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Gdynia

Saga Sapphire blog - Captains' blogs

18th August, 2018

Another comfortable overnight passage at a somewhat a more leisurely pace than our passage to Liepaja yesterday. Gdynia is working port in that they don’t have a cruise terminal (yet!) and you park next to piles of coal; but is a fabulous port of call. What is on offer in Gdynia is quite special, anyway, I digress.

The sun was up, thankfully that happened, at 0520-ish to reveal a rather cloudy day; the forecast was mixed as we made our way towards the Pilot station. I have attached a photograph of which you might think ‘odd’. It’s the one of the far shoreline showing a pristine white beach. The photo is zoomed-in, so not of great quality, sorry about that, it's from my phone! Anyway, I was astonished to see this beach off Gdynia, who would of thought. Pristine white; I thought it was worth sharing.

The Pilot embarked at 0630, as the Safety Officer, Matt, took the Conn for the berthing. A reasonably straight forward manoeuvre, other than the berth is only 800 meters inside the breakwaters and you need to be sure you can stop your ship before you meet with the concrete! With a helpful slight breeze onto the berth, Matt had the ship parked in good time.

You know when the port of call has great appeal is when you see the tour coaches lined up on the quay; and we had a lots of Guests on tour today. The day did turn out to be a bit mixed in the morning but cleared up a treat before noon and we had a lovely sunny-ish afternoon. There was an air-show over Gdynia today, due to start early evening, so right on our departure. We witnessed some of the practise flying during the day, but alas, we would be sailing before the air show got underway.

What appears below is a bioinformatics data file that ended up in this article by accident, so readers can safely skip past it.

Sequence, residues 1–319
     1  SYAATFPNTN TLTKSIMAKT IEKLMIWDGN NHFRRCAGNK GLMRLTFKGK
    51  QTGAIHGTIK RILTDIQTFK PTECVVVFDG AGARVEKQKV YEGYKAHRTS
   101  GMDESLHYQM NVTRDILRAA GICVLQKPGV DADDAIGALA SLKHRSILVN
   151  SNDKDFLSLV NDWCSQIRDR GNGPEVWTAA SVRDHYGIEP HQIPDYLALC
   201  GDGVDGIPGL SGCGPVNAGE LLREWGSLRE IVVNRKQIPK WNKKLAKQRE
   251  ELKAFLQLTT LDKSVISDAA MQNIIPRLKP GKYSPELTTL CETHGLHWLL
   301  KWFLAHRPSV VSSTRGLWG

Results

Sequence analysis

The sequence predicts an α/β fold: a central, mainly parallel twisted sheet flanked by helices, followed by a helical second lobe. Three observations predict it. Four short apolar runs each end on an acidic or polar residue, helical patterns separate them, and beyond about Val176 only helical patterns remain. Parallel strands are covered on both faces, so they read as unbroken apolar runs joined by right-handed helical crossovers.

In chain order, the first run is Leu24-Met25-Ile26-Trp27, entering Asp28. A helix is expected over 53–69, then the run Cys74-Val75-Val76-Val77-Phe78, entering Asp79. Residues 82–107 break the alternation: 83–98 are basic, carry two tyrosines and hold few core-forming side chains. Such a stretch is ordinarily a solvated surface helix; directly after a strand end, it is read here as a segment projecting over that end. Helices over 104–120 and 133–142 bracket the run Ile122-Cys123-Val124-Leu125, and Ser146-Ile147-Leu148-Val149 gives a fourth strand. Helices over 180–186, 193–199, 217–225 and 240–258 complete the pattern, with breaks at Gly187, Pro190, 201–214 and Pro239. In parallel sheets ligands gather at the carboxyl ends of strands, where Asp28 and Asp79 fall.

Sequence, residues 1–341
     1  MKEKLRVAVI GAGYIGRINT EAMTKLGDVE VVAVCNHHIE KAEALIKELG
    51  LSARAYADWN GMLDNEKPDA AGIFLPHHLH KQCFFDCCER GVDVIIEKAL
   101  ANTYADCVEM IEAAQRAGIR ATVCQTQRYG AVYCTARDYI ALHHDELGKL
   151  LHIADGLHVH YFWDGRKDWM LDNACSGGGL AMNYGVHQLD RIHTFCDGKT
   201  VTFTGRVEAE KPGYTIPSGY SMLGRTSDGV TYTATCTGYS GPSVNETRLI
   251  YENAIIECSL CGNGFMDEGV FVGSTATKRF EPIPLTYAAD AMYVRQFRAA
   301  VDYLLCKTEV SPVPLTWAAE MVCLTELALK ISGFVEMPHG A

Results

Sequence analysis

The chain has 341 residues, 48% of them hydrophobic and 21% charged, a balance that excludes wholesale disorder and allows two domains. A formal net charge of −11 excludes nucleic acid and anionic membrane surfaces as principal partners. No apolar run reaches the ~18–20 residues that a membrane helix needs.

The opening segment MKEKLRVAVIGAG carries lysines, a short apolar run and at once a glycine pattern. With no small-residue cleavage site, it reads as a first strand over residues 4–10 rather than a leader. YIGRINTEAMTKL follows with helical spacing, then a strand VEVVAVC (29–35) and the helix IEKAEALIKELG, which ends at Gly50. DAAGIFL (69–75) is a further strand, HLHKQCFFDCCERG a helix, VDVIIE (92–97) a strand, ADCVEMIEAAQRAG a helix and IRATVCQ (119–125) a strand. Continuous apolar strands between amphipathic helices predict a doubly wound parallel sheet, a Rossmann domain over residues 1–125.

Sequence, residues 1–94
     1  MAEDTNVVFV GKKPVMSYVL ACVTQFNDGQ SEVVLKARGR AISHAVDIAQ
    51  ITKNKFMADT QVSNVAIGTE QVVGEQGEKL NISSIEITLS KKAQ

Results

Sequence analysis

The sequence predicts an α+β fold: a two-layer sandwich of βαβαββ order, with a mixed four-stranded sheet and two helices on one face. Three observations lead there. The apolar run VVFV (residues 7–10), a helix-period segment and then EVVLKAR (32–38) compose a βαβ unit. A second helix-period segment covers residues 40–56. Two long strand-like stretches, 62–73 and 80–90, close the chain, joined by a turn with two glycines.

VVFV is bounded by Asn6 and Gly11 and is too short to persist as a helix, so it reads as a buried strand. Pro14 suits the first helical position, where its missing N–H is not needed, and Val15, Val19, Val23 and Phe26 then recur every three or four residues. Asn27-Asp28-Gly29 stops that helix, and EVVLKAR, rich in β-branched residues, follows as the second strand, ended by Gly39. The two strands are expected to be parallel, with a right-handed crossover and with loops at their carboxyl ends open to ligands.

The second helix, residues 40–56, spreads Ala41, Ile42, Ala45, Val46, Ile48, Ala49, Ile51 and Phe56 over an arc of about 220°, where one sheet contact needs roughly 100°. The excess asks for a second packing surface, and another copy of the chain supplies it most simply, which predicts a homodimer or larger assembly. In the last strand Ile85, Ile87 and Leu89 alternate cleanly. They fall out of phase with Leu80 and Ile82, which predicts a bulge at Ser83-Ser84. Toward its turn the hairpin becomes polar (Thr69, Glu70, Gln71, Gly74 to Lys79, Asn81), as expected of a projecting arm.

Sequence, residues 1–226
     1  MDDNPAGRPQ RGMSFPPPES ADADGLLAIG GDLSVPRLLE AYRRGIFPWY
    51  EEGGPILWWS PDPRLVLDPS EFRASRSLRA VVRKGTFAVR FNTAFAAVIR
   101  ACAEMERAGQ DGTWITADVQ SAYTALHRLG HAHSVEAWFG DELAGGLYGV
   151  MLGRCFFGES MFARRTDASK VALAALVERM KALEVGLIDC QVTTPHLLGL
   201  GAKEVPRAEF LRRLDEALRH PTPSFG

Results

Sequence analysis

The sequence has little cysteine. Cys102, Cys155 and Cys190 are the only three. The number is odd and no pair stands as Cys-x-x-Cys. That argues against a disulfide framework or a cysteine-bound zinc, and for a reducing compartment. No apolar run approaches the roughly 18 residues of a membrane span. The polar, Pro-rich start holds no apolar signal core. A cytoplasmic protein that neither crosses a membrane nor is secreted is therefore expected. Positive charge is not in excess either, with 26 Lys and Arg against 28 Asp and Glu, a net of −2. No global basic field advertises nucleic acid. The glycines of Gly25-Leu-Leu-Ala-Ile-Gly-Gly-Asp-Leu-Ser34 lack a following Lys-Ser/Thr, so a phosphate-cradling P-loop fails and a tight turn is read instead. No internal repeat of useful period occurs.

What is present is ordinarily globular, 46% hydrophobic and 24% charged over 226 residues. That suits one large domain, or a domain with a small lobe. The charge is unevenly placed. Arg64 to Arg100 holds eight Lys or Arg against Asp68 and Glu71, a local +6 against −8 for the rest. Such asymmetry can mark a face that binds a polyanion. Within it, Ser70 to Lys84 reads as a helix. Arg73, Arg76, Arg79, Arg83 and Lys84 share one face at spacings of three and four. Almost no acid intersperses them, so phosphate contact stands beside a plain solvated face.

This is our last port, other than the Kiel Canal, of the cruise and it was soon time to head back out to sea. There was a question mark about the Kiel Canal because one of the Lock chambers was closed for maintenance on the day of our transit (20th) which had, in the past caused significant delays. I had the option to go around the top of Demark, Kattegat and Skagerrak if I thought the Canal transit was at risk. Anyway, that is tomorrows challenge.

All tours back and the ship cleared to sail, we left the berth, swung in the basin and exited the port. Debarking the Pilot at 1915, we were on our way to the Kiel Canal.

I was due to be ‘performing’ on stage with John Parton and, my good lady, taking part in Call my Bluff, what a hoot that always is! Leigh, my rock, was nervous about the thought, but hey, I’ll update you later. Call my Bluff is a very late night and the Guests love it - thankfully, for me, day at sea tomorrow!

Captain Stuart Horne

The opinions expressed are those of the author and are not held by Saga unless specifically stated.

The material is for general information only and does not constitute investment, tax, legal, medical or other form of advice. You should not rely on this information to make (or refrain from making) any decisions. Always obtain independent, professional advice for your own particular situation.

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